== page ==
Blogger: Rachel Kent
Today we’re talking rejection. Sorry! 🙂 But I hope this post will be helpful.
When an editor or agent sends a rejection letter, different types of rejections mean different things. Here’s the inside scoop, as I see it, on four main forms of rejection:
The Plain Old Rejection (usually sent for rejecting query letters):
This letter will say something like, Thanks, but no thanks. These are often form letters. It means that the project isn’t right for that editor or agent for one reason or another. If you continue to receive these rejections from every person you’re submitting to, consider revising your query, or maybe it’s time to move on to a new idea. Typically, an editor or agent will try not to hurt your feelings, so the letter might not contain their real response to your manuscript–but you can glean from this type of letter that the project was not the right fit.
The ‘Revise and Send Again’ Rejection (usually sent for rejecting proposals or manuscripts, not query letters):
This rejection letter will have some revision notes in it. This usually means that your proposal or manuscript sparked the agent or editor’s interest, but he or she knows that it needs to be revised in some way to have a chance in the current market. These rejections usually ask for the project to be sent again, if the suggested revisions are made. If you receive one of these rejections, be sure to follow through and send that revised project back to the agent or editors. (Agents and editors hate to take the time to make suggestions, only to have the potential client never resubmit but instead shows the new and improved version to another agent or publishing house–who, of course, thought it was genius!)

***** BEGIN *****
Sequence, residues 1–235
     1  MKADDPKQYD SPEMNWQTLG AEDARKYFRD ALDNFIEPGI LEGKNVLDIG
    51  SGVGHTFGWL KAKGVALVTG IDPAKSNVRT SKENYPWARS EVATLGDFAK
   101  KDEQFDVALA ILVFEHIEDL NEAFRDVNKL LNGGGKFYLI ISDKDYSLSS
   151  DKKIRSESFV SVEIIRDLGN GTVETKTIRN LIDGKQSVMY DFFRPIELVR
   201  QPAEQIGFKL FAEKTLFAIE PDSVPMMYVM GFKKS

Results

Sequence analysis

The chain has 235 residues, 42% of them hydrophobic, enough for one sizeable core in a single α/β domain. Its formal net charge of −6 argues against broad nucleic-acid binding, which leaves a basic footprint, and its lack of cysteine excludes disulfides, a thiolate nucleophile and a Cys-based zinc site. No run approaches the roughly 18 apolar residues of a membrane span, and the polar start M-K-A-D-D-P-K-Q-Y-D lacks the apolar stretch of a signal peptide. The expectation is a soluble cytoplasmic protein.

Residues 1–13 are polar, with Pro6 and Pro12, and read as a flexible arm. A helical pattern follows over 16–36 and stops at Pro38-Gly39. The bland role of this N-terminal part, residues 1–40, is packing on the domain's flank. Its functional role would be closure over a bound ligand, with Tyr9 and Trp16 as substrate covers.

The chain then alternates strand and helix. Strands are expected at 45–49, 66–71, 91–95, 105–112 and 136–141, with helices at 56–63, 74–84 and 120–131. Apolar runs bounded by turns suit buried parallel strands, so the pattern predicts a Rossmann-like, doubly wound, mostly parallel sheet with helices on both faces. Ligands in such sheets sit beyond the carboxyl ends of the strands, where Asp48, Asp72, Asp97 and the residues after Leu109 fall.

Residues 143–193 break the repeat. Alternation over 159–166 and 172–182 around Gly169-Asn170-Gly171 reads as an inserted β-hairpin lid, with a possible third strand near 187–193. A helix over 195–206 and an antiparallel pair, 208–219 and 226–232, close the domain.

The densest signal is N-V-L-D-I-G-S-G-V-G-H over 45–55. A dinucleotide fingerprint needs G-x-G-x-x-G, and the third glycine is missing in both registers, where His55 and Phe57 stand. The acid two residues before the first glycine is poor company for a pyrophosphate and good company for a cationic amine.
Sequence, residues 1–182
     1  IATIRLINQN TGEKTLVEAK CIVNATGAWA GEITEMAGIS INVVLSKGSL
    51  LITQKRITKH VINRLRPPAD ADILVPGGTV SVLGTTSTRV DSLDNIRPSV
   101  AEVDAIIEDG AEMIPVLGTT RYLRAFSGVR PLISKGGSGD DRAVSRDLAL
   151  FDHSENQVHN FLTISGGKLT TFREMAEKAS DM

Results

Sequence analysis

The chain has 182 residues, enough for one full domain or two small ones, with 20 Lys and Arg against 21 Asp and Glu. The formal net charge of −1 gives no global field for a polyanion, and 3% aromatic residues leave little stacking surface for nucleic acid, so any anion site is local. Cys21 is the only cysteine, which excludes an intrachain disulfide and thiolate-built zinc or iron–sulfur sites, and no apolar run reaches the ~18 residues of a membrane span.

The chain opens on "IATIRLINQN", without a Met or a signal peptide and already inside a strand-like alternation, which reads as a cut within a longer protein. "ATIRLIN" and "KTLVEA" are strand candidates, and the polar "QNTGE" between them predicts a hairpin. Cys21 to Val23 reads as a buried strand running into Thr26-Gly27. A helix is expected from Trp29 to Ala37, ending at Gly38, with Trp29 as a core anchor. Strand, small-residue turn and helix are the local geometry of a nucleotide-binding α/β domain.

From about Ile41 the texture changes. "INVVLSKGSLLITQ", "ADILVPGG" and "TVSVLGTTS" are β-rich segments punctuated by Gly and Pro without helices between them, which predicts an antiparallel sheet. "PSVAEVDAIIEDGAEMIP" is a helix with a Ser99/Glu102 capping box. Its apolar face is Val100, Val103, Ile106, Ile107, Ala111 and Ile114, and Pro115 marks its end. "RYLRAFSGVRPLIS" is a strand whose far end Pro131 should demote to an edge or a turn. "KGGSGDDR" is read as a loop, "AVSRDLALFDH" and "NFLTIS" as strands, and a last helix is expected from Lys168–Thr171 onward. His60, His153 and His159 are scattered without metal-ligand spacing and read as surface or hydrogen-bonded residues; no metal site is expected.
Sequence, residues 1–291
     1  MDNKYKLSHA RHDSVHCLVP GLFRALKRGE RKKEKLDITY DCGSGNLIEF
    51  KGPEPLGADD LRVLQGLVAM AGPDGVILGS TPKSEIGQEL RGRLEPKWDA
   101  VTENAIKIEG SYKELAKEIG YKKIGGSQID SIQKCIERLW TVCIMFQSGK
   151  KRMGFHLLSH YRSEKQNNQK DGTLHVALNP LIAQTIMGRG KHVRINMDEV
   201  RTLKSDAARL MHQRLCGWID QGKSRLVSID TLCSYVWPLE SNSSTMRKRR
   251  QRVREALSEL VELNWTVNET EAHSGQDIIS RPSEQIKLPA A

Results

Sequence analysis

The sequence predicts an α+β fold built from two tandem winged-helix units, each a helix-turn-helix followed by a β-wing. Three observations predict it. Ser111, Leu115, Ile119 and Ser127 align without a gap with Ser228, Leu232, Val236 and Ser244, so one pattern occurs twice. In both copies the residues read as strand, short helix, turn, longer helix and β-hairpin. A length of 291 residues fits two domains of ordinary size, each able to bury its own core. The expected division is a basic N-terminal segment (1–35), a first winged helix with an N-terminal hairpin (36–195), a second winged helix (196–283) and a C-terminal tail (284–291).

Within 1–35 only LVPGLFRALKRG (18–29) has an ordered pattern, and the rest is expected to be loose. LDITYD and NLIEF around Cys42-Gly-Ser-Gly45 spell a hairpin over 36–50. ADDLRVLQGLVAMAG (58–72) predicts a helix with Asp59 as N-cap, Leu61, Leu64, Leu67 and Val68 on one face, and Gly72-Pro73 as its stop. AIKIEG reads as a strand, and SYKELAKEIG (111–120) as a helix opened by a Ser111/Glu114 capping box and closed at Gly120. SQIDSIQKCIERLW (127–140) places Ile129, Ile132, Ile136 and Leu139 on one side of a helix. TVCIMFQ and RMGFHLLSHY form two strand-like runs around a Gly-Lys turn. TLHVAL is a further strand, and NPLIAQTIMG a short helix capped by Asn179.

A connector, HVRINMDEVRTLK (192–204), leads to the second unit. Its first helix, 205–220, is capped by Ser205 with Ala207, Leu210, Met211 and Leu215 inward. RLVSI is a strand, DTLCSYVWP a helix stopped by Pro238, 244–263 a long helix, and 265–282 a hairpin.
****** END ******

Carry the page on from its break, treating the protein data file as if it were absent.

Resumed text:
The ‘Any Other Ideas?’ Rejection (usually sent for rejecting proposals or manuscripts):
If you receive a rejection asking if you have any other ideas for projects, this typically means that the agent or editor enjoyed your writing, but didn’t think that your idea would work well in the current marketplace. You’ll want to write back to the agent/editor with a list of project ideas and an estimated date of when he or she could see a proposal, if you aren’t finished with the writing yet.
The ‘This Project Isn’t Right for Me’ Rejection (usually sent for rejecting proposals or manuscripts):
This type of rejection is used as a thanks, but no thanks rejection for proposals and manuscripts. It means that something in your query letter sparked the agent’s interest, but when he or she looked at the writing sample and examined the idea more closely, it wasn’t a good fit. If you continue to receive this type of rejection, stop submitting your project and consider revising. Figure out what it is in your hook that is drawing the interest, and be sure your writing highlights that unique angle in an artful way.
What do you do when you receive one of these types of rejections?
Can you think of any other kinds of rejections that an author might receive from an agent or editor?
The hidden meanings in rejection letters. Via @RachelLKent of Books & Such Lit. Agency. Click to tweet.